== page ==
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Epidemiology and Population Health

Obesity and “obesity-related” cancers: are there body mass index cut-points?



Despite compelling links between excess body weight and cancer, body mass index (BMI) cut-points, or thresholds above which cancer incidence increased, have not been identified. The objective of this study was to determine if BMI cut-points exist for 14 obesity-related cancers.


In this retrospective cohort study, patients 18–75 years old were included if they had ≥2 clinical encounters with BMI measurements in the electronic health record (EHR) at a single academic medical center from 2008 to 2018. Patients who were pregnant, had a history of cancer, or had undergone bariatric surgery were excluded. Adjusted logistic regression was performed to identify cancers that were associated with increasing BMI. For those cancers, BMI cut-points were calculated using adjusted quantile regression for cancer incidence at 80% sensitivity. Logistic and quantile regression models were adjusted for age, sex, race/ethnicity, and smoking status.


A total of 7079 cancer patients (mean age 58.5 years, mean BMI 30.5 kg/m2) and 270,441 non-cancer patients (mean age 43.8 years, mean BMI 28.8 kg/m2) were included in the study. In adjusted logistic regression analyses, statistically significant associations were identified between increasing BMI and the incidence of kidney, thyroid, and uterine cancer. BMI cut-points were identified for kidney (26.3 kg/m2) and uterine (26.9 kg/m2) cancer.


BMI cut-points that accurately predicted development kidney and uterine cancer occurred in the overweight category. Analysis of multi-institutional EHR data may help determine if these relationships are generalizable to other health care settings. If they are, incorporation of BMI into the screening algorithms for these cancers may be warranted.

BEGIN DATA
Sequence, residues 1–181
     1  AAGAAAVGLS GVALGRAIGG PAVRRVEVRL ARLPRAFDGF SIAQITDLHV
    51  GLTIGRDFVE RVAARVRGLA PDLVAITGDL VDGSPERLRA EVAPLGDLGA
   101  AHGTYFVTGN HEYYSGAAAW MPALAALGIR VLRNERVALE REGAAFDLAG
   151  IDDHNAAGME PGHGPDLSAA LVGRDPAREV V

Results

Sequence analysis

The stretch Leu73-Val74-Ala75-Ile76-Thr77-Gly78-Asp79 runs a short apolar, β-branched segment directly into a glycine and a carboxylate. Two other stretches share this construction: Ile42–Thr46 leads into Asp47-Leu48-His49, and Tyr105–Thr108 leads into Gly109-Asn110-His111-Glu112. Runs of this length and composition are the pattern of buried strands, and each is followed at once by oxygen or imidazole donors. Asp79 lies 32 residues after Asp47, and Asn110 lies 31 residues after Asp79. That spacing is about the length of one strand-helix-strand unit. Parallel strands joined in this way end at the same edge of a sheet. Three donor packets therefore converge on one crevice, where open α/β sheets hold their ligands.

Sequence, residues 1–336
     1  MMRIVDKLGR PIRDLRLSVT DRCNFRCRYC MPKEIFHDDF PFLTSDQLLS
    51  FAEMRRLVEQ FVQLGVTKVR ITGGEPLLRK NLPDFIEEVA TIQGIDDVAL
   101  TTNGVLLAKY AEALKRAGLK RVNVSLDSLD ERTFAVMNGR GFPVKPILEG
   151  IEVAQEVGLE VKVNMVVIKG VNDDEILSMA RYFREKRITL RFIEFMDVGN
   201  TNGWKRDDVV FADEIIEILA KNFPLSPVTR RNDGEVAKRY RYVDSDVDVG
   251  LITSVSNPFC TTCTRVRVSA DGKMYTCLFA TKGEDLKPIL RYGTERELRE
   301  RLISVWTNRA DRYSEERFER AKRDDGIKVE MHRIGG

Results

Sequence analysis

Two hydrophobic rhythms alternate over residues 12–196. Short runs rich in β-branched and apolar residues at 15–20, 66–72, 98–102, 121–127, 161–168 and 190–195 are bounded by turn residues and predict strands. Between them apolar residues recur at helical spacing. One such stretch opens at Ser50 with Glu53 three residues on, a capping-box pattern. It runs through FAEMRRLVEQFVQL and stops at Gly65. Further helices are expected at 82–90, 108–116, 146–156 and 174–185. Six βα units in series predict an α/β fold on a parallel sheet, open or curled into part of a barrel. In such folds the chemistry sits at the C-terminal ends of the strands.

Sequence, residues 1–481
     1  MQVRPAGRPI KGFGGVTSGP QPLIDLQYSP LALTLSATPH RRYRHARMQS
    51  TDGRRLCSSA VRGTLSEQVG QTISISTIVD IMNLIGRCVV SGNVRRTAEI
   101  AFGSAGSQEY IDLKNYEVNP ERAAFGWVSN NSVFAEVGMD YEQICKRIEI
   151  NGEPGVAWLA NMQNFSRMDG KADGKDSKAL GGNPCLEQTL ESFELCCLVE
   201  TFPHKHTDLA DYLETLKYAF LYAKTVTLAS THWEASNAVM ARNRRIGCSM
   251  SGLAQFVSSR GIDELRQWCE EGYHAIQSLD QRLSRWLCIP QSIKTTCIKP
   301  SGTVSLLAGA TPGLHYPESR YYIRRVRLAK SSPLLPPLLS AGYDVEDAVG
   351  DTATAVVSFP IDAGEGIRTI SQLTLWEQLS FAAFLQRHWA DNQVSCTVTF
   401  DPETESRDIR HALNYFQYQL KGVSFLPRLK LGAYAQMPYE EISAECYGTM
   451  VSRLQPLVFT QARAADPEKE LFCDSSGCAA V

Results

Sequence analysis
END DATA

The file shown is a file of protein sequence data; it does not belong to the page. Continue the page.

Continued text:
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Fig. 1: STROBE diagram—study cohort creation.
Fig. 2: Multivariable logistic regression with cancer incidence as the outcome.
Fig. 3: Relationship of cancer risk and BMI.
Fig. 4: Adjusted cut-point analysis for kidney and uterine cancers.

Data availability

Aggregated and de-identified data is available upon request. Those interested in acquiring the data will require a Data Transfer and Use Agreement (DTUA) for de-identified data between University of Wisconsin and the recipient. The form is available at under “DTUA forms.”


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Effort on this study and manuscript was made possible by an American College of Surgeons George H.A. Clowes Career Development Award and a VA Career Development Award to LMF (CDA 015–060). The views in this study represent those of the authors and not those of the Department of Veterans Affairs or the U.S. Government. The project was also supported by the Clinical and Translational Science Award (CTSA) program, through the National Institutes of Health (NIH) National Center for Advancing Translational Sciences (NCATS) (grant UL1TR002373). Further funding was through the NIH T32 Surgical Oncology Research Training Program (grant CA090217–17) and the NIH Metabolism and Nutrition Training Program T32 (grant DK 007665).

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NL, JB, BMH, MV, LPH, and LMF contributed to study design. JAM, NL, JB, BMH, MV, and LMF contributed to data collection and analysis. JAM, NL, JB, and LMF contributed to manuscript composition. All co-authors participated in the data interpretation and manuscript revisions. All co-authors approved the version to be published and agreed to be accountable for all aspects of the work in ensuring that questions related to the accuracy or integrity of any part of the work were appropriately investigated and resolved.

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Correspondence to Luke M. Funk.

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Murtha, J.A., Liu, N., Birstler, J. et al. Obesity and “obesity-related” cancers: are there body mass index cut-points?. Int J Obes 46, 1770–1777 (2022).

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